Making the case for Word Processing on the Web: Collaborative Document Editing

Why would someone use an web based word processor for a school paper instead of Microsoft Word? Here are three reasons:

  1. When collaborating with classmates on a group project, do you get tired of trying to figure out which of the versions that have been emailed to you is the most current?
  2. Do you get discouraged when you are faced with the task of merging edits from 2 or more students into a single document near the end of the group project?
  3. Do some of your edits get lost in the group collaboration email shuffle?

If you’ve said yes to any one of the questions above, then you should take a serious look at using either Google Docs or Microsoft Word Web App for your next group project.  That said, here are a few things to keep in mind as you being to collaboratively create and edit documents on the web:

  • While the look and feel of Microsoft Word Web App is very similar to the desktop version of Word, you cannot add or edit footnotes, end notes, or tables of contents in the online version of Word. You can connect to the file from your desktop version of Word to add and edit those elements in your group document however (on a Mac you’ll need Mac Office 2011 to do this).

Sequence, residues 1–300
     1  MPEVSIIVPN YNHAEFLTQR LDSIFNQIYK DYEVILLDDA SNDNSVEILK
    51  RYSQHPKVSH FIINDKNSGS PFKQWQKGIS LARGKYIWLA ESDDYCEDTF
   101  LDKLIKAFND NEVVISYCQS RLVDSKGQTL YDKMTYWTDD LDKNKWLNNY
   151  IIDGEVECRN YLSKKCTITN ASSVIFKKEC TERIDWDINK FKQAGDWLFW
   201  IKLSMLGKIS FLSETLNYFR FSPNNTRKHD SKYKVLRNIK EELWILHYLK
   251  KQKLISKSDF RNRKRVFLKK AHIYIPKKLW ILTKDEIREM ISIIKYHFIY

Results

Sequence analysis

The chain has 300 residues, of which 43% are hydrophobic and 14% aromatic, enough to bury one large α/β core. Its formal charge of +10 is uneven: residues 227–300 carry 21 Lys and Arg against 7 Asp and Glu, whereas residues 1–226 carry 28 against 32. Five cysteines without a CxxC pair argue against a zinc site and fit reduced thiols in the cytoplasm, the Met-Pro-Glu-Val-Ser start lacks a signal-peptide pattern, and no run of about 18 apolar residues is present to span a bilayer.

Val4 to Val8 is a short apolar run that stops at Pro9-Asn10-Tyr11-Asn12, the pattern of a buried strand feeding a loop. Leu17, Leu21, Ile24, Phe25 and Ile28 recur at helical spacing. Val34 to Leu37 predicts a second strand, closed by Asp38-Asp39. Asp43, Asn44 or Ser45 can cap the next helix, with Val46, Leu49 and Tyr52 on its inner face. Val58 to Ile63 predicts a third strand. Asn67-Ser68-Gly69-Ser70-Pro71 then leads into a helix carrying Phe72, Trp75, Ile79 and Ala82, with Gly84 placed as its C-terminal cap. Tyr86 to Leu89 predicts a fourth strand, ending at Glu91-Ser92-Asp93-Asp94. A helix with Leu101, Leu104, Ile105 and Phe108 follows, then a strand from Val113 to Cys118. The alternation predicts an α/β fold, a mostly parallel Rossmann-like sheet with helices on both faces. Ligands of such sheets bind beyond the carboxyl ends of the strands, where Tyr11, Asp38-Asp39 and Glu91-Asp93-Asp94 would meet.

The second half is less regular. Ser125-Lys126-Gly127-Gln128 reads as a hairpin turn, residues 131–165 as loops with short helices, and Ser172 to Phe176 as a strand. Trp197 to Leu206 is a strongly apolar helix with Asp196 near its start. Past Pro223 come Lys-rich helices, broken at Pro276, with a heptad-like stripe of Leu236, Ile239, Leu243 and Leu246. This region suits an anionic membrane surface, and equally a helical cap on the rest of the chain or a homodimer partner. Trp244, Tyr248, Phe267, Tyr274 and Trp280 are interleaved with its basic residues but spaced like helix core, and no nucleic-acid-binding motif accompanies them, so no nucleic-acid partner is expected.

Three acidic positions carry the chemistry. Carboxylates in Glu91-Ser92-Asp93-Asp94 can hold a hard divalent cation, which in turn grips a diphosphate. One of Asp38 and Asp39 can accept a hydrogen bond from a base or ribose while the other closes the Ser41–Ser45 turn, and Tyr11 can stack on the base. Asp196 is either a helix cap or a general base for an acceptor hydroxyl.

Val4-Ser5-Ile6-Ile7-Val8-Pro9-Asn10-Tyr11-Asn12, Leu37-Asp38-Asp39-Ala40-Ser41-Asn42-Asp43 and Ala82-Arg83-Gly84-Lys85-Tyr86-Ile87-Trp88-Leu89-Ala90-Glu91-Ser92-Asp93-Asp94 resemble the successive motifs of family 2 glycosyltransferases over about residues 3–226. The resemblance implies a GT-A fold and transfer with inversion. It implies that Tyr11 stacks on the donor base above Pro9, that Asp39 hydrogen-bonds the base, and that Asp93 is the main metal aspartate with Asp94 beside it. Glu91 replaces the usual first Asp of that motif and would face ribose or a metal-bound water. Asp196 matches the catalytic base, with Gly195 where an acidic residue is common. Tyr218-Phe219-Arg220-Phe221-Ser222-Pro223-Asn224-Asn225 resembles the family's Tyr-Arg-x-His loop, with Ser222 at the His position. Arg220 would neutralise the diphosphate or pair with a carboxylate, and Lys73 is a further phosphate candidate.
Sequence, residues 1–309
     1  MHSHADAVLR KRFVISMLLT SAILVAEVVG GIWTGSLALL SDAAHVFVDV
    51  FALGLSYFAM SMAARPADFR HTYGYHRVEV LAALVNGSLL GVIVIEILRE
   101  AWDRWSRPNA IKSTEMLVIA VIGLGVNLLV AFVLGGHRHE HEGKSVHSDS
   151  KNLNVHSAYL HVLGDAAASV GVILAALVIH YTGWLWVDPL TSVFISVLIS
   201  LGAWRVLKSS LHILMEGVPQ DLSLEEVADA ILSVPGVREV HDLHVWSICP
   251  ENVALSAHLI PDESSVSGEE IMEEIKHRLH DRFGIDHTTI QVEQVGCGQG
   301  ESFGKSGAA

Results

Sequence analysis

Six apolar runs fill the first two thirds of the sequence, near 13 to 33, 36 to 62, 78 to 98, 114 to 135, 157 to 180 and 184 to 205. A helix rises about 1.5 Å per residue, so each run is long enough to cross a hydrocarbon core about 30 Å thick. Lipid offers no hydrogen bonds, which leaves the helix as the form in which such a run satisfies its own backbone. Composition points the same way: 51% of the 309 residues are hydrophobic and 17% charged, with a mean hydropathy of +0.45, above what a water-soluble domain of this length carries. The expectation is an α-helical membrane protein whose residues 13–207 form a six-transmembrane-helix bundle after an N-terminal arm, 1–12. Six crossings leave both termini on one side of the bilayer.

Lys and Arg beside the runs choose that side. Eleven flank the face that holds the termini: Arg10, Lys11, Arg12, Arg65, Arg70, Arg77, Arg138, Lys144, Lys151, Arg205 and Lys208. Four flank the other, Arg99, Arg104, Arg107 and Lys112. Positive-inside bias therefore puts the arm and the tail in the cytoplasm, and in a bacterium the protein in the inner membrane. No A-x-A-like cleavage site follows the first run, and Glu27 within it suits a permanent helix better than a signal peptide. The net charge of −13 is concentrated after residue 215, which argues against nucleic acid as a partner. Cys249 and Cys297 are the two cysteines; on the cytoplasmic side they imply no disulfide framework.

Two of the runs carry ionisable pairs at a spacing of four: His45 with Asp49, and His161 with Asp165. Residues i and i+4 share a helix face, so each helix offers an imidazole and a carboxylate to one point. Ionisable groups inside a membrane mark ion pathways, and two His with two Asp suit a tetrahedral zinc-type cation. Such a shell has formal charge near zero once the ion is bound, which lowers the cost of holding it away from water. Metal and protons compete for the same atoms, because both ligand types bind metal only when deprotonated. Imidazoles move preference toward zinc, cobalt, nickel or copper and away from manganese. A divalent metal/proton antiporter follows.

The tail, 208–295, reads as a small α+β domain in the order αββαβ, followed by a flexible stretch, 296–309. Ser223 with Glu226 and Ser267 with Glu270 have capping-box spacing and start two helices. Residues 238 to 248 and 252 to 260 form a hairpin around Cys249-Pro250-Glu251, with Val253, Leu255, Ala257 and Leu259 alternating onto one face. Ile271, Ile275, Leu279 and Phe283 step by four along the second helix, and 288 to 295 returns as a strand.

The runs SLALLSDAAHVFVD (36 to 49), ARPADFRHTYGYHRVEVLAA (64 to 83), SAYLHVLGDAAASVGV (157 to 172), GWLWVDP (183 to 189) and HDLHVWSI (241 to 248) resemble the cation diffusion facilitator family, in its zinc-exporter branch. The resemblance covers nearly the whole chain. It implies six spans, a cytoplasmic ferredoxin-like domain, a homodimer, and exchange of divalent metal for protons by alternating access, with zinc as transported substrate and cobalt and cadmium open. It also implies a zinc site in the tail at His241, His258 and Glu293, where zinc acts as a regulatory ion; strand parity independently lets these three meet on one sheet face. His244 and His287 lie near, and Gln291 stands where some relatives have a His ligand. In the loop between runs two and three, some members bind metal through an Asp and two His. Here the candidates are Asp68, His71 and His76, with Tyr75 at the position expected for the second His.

• Google Docs supports foot notes, end notes and tables of contents in the web browser, but the editing interface is not as rich as the desktop version of Word.  For some people this is not a problem. For others it is a show stopper.  You can decide for yourself.
In any case, if you need to collaborate on a document, don’t just reflexively email it to your collaborator, instead think about writing it in Google Docs and sending them a link and leave the email document shuffle behind.

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